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Wycliffe Stutchbury

Wood: growth patterns

Elements: wood metal 

Jean Arp loved nature's forms because he felt that nature bucked modern society’s over-dependence on reason.


Wycliffe’s work is a struggle between our desire to impose form on the natural world and its unwillingness to conform. The natural world corrupts, distorts and discolours man's need to contain, edit and suppress it.  He attempts to apply his own structure through design, concentration and technical skill, but during the repetitive process of constructing a piece there is human error.  His mind drifts, he is indecisive, he makes mistakes, he can’t maintain a straight line or a perfect curve. The result is an intuitive way of working that allows the wood he has before him to lead the way, like stacking firewood.  The structure needs to hold together but it finds its own rhythm.  


Reluctantly, Wycliffe has learnt to allow timber to express itself without the constraints and distractions of form or function.  Often in design, the beauty within a tree, and the story it has to tell, comes secondary to a predetermined plan.  He endeavours to maintain an open mind, to allow the timber to suggest its own use, presentation and format, to reveal the qualities and narrative held within the wood. The passing of time is so clearly expressed in its annual rings and the environment and conditions it has grown in are shown in the qualities of the timber when it is revealed - the grain, it’s direction, it’s faults, texture, density, colour, inconsistencies.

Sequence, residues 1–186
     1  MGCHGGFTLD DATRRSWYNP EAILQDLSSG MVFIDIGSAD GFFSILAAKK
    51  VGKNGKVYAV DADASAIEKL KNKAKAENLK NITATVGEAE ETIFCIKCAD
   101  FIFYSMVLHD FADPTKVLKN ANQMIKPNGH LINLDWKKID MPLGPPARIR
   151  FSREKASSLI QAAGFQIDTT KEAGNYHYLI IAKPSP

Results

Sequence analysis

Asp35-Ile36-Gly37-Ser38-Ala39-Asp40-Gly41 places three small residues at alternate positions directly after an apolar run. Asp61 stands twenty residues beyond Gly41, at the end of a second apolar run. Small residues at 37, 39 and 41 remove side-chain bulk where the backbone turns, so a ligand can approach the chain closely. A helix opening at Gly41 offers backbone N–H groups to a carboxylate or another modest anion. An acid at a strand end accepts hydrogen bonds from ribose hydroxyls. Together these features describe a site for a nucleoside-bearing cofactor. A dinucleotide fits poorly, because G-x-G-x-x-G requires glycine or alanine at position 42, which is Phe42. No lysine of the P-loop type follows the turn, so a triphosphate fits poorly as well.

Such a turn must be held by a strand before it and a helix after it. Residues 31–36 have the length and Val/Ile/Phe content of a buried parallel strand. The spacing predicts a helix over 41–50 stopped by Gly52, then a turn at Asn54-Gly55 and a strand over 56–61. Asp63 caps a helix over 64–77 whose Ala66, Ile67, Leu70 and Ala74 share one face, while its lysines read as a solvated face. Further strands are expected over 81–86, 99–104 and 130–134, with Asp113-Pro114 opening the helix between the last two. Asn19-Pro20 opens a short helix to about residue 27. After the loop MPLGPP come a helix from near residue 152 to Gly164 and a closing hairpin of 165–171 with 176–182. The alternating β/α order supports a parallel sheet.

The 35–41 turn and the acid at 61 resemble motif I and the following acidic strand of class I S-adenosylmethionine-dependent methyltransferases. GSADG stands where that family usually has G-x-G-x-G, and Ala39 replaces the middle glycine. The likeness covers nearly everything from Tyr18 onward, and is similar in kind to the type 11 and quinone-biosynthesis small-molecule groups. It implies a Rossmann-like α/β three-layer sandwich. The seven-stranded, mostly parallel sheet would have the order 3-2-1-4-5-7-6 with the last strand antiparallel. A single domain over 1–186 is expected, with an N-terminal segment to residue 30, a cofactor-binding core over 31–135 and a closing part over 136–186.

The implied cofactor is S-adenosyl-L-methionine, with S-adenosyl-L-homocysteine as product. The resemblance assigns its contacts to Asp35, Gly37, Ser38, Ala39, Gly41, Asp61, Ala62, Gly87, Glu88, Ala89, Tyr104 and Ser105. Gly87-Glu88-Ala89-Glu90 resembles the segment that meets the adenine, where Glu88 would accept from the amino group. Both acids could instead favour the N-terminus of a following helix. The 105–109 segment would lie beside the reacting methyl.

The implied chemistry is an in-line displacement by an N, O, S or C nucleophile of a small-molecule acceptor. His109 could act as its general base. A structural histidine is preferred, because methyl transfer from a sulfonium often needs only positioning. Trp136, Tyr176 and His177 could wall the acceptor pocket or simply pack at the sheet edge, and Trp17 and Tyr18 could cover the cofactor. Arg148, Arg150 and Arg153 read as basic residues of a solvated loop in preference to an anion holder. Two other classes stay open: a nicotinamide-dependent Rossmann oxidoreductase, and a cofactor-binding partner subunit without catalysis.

His compositions from fallen and forgotten timber are studies in the narrative beauty of wood, and the origin of the material he uses is central to his work. Each piece is named after the place where the timber was found, and made exclusively from this material. The machining of the timber is a careful editing process. Cutting in order to display particular qualities and removing distracting ones. What he is left with provides him with his medium, his ‘paint’; a restricted palette with which to describe the landscape. 

The finished piece is always an exploration of landscape; an observation of its folds and contours, its valleys, peaks and ridges.  It is also about land mass, the ground, geology - what lies beneath the surface.

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